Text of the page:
These results were largely consistent in analyses according to CRC stage, although we had limited statistical power within each stage category. The multivariable HR for regular aspirin use after 70 years was 0.83 (95% CI, 0.69-1.00) for nonmetastatic (stage I, II, III) and 0.45 (95% CI, 0.15-1.38) for metastatic (stage IV) CRC among those who regularly used aspirin before age 70 years of age (eTable 2 in the Supplement).
We further grouped those who initiated aspirin before age 70 years by the cumulative duration of use before 70 years. The apparent protective benefits of aspirin use at or after 70 years were evident only among those who had regularly used aspirin for 5 or more years before 70 years of age (pooled HR, 0.76; 95% CI, 0.59-0.98). In contrast, no benefit was observed among those who used aspirin for less than 5 years before 70 years of age (pooled HR, 1.00; 95% CI, 0.77-1.30) (Table 2). When we considered the initiation age of aspirin use, the lower risk of CRC for aspirin use at or after 70 years was found only when individuals initiated aspirin before 70 years of age (Table 3).
To further evaluate the association of aspirin initiated at different ages and subsequent risk of CRC (not restricted to CRC at or after 70 years), we performed separate cohort analyses among participants who had not used aspirin before reaching the corresponding age category in the NHS. Compared with nonregular users, women who initiated regular aspirin treatment at a younger age (<70 years) had a decreased risk of subsequent CRC, which was mainly consistent with the risk level among those who had cumulatively taken aspirin for 5 or more years (Figure). Specifically, compared with nonregular use, regular aspirin use was associated with a multivariable HR for CRC of 0.76 (95% CI, 0.63-0.92) for women who initiated aspirin use from 40 to 44 years of age; 0.79 (95% CI, 0.67-0.93) for ages 45 to 49 years; 0.79 (95% CI, 0.68-0.91) for ages 50 to 54 years; 0.82 (95% CI, 0.71-0.94) for ages 55 to 59 years; 0.69 (95% CI, 0.57-0.83) for ages 60 to 64 years; and 0.71 (95% CI, 0.56-0.90) for ages 65 to 69 years. In contrast, initiating aspirin use at an older age (≥70 years) was associated with weaker benefits, even for those who had cumulatively taken aspirin for 5 or more years. Specifically, the corresponding HR was 0.83 (95% CI, 0.62-1.12) for initiation of aspirin use at ages 70 to 74 years; 0.87 (95% CI, 0.59-1.29) for ages 75 to 79 years; and 1.01 (95% CI, 0.47-2.20) for 80 years and older.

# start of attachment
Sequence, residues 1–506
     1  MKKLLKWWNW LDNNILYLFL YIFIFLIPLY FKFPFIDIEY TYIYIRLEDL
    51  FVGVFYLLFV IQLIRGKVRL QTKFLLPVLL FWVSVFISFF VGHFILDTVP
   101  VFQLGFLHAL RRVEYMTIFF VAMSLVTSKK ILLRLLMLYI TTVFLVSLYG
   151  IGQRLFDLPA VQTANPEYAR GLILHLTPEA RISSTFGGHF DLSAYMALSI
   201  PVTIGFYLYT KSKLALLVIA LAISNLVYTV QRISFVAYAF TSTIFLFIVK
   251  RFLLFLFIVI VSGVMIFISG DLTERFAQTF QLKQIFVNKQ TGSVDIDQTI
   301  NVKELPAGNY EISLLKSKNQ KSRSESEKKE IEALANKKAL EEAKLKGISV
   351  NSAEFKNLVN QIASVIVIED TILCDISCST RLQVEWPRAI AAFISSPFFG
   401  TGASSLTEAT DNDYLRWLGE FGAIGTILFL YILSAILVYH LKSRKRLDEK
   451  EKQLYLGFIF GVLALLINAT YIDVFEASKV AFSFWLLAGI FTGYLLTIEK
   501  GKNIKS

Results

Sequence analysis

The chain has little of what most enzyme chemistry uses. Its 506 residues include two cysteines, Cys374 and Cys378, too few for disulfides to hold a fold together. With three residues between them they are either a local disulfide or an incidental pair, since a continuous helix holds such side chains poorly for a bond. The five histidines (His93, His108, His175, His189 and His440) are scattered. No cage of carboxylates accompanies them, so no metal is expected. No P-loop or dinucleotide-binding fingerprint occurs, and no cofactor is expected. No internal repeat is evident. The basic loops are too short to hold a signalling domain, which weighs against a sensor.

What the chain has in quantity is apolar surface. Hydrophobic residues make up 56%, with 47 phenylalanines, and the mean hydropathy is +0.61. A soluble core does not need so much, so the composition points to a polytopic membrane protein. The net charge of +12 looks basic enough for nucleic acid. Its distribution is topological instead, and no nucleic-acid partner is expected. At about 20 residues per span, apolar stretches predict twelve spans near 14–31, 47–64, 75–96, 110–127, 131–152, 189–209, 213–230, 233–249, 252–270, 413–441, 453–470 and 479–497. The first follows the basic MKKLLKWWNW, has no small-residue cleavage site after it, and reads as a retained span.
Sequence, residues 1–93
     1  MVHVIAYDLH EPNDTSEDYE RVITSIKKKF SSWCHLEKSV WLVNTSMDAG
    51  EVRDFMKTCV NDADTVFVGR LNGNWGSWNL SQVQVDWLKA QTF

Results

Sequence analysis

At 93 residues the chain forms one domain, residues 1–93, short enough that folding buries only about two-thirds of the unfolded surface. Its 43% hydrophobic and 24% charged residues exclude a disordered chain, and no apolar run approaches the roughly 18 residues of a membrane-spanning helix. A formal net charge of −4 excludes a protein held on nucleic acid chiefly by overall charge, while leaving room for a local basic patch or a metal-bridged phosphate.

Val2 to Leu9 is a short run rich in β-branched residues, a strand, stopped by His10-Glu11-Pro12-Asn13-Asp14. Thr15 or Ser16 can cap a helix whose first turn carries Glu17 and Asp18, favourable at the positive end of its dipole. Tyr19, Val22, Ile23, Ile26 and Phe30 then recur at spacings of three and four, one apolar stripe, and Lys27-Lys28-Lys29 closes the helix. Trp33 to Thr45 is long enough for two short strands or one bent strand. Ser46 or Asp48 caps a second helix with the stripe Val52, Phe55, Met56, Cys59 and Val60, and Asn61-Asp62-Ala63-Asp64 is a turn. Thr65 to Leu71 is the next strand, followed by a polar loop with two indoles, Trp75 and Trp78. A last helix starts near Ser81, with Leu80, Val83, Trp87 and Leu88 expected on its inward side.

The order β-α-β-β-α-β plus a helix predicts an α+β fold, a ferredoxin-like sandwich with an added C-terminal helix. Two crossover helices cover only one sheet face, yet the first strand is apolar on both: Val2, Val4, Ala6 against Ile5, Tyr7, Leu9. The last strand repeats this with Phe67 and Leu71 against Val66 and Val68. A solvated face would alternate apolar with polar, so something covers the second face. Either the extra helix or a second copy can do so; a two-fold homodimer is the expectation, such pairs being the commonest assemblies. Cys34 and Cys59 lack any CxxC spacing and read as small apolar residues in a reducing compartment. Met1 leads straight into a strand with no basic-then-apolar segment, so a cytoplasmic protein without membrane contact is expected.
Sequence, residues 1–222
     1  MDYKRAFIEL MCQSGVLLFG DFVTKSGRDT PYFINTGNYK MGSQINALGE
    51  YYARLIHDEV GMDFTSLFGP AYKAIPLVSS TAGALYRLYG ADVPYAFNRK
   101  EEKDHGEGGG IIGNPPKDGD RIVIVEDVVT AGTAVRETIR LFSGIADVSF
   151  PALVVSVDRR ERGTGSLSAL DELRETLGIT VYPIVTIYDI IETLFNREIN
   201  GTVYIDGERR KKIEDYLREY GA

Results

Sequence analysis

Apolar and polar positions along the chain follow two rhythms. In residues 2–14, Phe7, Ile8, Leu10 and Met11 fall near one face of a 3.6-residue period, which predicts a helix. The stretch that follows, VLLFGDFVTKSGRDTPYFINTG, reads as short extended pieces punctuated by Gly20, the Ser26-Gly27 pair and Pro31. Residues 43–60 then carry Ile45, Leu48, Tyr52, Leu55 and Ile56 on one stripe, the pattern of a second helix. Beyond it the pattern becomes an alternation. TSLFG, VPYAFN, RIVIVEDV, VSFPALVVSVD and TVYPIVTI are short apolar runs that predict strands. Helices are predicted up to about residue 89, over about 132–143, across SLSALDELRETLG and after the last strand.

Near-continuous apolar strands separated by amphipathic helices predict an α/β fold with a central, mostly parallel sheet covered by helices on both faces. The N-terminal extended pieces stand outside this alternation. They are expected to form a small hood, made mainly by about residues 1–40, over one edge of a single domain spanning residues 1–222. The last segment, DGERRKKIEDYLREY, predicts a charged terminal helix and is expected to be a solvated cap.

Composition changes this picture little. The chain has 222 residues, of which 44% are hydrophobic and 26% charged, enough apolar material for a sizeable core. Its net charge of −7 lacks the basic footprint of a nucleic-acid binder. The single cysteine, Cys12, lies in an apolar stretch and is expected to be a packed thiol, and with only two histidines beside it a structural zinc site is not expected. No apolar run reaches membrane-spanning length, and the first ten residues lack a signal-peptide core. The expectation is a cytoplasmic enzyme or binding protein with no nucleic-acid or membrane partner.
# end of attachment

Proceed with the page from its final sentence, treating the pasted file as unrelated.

In 2 large US prospective cohorts, regular aspirin use at or after 70 years of age was associated with a significantly reduced risk of CRC, but this association was evident only among those who regularly used aspirin at a younger age, particularly for at least 5 years before reaching 70 years of age. In contrast, initiation of aspirin after 70 years was not associated with lower risk of CRC.
Substantial evidence suggests that a benefit of aspirin for CRC requires at least 5 to 10 years of use.4 However, these data are primarily derived from cohort studies and RCTs conducted in middle-aged adults.13 This limitation led to current US Preventive Services Task Force recommendations for low-dose aspirin for primary prevention of CRC among US adults aged 50 to 59 years with a greater than 10% 10-year cardiovascular risk. However, this advice did not extend to adults 70 years or older, for whom the evidence was considered insufficient.4 Recently, the ASPREE RCT compared daily low-dose aspirin vs placebo in 19 114 healthy older adults.14 After 4.7 years of follow-up, participants taking aspirin experienced higher all-cause mortality that was largely attributable to death from cancer. A recent study reported no significant difference between groups for all incident cancers (HR, 1.04; 95% CI, 0.95-1.14), including CRC (HR, 1.02; 95% CI, 0.81-1.30), in the ASPREE trial.15 A secondary analysis of the Japanese Primary Prevention Project (JPPP), an open-label RCT designed to examine the effects of low-dose aspirin on vascular events in an older Japanese population (aged 60-85 years),22 showed that aspirin was associated with higher overall cancer incidence but not cancer mortality during a 5-year study period.23,24 Because 89% of the participants in the ASPREE trial and all the participants in the JPPP study did not regularly use aspirin before enrollment,16,24 our results demonstrating that initiation of aspirin use at or after age 70 was not associated with a reduction in risk of incident CRC are broadly consistent with the lack of protective effect observed in ASPREE and JPPP. However, these RCTs were inconsistent in demonstrating potential harm related to incidence and mortality.